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Hoffmann, R. A wiki for the life sciences where authorship matters. Nature Genetics (2008)

Choroid plexus tumors: a review of 28-year experience.

The aims of the study were to review the patients with choroid plexus tumor (CPT) treated in Slovenia between 1972-1999, to calculate the incidence of CPTs, and to evaluate treatment results in respect to tumor histology and mode of therapy. Cancer Registry of Slovenia database was used for patientÅ› identification. Histological specimens and medical records were reviewed. Twelve patients (7 females, 5 males), 0.8-43 years old (median 6.1 years; <15 years: 10/12,83%) with CPT, representing 0.36% of all intracranial tumors registered during the period under study, were identified. Considering children less than 15 years old only, the corresponding percentage was 3.69. There were eight papillomas (CPPs) and four carcinomas (CPCs) with no difference in age distribution between the groups. Of seven patients with gross tumor resection in CPP group, one patient died of postoperative meningitis and one had local recurrence 1.6 years after surgery; the latter is disease-free 17.9 years after re-operation. One patient with macroscopic residue after surgery is alive and asymptomatic after 16.5 years. In the CPC-group, only the patient who received adjuvant BEP chemotherapy and craniospinal irradiation following incomplete surgery is alive with no signs of disease after 6.5 years. Ten-year disease-specific survival for all CPTs and for CPP subgroup was 73% and 100%, respectively. In Slovenia, CPTs represent 0.36% of intracranial tumors. In children, the incidence is 3.69%. CPPs are twice as frequent as CPCs. In CPPs, the treatment of choice is surgery alone. After incomplete surgery, wait-and-see policy seems to be justified. For CPCs, adjuvant multiagent chemotherapy and craniospinal radiotherapy following surgery should be considered.[1]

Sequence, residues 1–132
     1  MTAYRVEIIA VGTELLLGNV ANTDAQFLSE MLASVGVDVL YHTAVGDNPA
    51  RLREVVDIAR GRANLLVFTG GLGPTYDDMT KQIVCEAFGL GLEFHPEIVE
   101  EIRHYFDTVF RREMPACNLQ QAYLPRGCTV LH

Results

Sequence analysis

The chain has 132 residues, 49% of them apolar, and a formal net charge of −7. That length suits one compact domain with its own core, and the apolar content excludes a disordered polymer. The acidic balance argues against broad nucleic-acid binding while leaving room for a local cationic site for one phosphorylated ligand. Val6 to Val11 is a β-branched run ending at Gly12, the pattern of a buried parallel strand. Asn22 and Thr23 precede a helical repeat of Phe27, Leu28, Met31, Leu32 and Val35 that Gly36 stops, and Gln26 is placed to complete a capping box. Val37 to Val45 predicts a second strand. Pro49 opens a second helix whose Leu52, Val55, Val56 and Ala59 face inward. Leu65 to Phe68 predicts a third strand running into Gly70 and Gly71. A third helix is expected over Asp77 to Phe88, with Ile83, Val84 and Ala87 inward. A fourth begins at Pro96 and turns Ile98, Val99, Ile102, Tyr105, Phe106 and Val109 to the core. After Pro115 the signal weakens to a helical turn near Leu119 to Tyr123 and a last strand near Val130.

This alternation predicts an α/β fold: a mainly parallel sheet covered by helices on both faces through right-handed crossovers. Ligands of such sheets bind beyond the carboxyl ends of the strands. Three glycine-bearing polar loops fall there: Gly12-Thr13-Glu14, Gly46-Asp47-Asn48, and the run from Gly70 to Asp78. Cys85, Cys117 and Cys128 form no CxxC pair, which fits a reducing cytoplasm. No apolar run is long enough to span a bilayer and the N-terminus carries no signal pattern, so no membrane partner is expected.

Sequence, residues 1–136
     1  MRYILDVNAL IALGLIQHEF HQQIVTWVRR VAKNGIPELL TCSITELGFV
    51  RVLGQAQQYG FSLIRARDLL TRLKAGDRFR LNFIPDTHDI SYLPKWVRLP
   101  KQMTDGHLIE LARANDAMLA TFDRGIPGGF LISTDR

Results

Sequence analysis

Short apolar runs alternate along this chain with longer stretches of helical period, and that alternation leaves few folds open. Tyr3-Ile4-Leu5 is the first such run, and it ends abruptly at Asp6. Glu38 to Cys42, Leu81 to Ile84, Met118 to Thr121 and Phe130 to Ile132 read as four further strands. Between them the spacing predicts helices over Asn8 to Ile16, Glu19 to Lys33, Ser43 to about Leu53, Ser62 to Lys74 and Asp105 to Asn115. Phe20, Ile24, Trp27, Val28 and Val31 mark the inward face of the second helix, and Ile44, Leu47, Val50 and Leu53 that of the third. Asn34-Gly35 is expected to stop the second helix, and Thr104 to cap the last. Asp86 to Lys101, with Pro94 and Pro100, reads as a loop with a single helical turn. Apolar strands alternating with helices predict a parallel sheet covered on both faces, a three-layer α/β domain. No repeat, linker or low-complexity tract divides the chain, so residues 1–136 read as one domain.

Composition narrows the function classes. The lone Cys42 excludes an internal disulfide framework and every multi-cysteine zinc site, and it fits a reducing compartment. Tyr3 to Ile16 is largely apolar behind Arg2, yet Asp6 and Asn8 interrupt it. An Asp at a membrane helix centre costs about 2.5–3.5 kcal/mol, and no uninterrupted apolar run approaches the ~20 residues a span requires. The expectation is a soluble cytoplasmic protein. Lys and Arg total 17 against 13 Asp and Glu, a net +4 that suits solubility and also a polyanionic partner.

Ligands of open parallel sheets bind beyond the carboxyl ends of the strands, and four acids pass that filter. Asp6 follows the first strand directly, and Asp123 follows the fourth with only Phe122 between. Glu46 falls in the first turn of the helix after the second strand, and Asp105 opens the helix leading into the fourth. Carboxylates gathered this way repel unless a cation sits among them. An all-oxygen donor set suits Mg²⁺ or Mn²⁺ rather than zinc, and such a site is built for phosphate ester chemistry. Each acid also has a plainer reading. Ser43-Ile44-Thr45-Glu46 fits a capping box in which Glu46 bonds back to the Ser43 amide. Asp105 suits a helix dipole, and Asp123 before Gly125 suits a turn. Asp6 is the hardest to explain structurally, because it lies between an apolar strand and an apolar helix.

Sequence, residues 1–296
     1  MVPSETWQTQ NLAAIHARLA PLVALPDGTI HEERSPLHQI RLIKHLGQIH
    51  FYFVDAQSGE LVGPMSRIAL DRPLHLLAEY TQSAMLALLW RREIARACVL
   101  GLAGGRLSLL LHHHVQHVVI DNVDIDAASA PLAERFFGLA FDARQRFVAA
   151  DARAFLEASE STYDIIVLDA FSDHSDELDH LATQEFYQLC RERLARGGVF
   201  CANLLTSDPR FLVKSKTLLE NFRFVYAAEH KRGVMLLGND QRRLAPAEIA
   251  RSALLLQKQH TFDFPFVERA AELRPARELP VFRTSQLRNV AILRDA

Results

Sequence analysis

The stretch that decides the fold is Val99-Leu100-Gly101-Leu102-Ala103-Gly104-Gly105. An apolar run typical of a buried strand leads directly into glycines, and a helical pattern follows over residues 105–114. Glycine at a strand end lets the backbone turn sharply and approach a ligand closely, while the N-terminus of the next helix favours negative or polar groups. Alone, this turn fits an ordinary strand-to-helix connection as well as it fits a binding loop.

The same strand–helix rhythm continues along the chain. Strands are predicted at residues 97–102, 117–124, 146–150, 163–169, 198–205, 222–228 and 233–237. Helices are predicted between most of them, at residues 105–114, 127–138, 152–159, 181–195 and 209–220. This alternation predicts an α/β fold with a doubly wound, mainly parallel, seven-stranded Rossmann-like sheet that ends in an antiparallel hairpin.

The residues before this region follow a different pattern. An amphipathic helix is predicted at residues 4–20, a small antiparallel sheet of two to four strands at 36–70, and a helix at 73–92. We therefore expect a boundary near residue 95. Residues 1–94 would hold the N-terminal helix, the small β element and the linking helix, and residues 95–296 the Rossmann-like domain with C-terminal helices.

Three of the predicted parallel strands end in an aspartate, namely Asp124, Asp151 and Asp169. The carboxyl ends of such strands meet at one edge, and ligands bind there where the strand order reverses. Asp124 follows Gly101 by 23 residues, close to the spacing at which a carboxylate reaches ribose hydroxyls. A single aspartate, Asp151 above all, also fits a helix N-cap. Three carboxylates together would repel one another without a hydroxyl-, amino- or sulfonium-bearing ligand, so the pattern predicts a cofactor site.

1. Choroid plexus tumors: a review of 28-year experience. Strojan, P., Popović, M., Surlan, K., Jereb, B. Neoplasma (2004) [Pubmed]
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